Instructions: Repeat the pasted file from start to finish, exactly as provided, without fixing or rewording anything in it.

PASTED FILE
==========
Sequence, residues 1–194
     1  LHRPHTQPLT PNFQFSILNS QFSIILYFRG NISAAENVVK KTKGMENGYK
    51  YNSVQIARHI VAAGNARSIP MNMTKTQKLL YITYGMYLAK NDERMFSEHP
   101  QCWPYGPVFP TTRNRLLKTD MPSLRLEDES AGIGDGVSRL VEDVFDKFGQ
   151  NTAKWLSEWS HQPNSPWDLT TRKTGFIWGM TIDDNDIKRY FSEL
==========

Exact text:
Sequence, residues 1–194
     1  LHRPHTQPLT PNFQFSILNS QFSIILYFRG NISAAENVVK KTKGMENGYK
    51  YNSVQIARHI VAAGNARSIP MNMTKTQKLL YITYGMYLAK NDERMFSEHP
   101  QCWPYGPVFP TTRNRLLKTD MPSLRLEDES AGIGDGVSRL VEDVFDKFGQ
   151  NTAKWLSEWS HQPNSPWDLT TRKTGFIWGM TIDDNDIKRY FSEL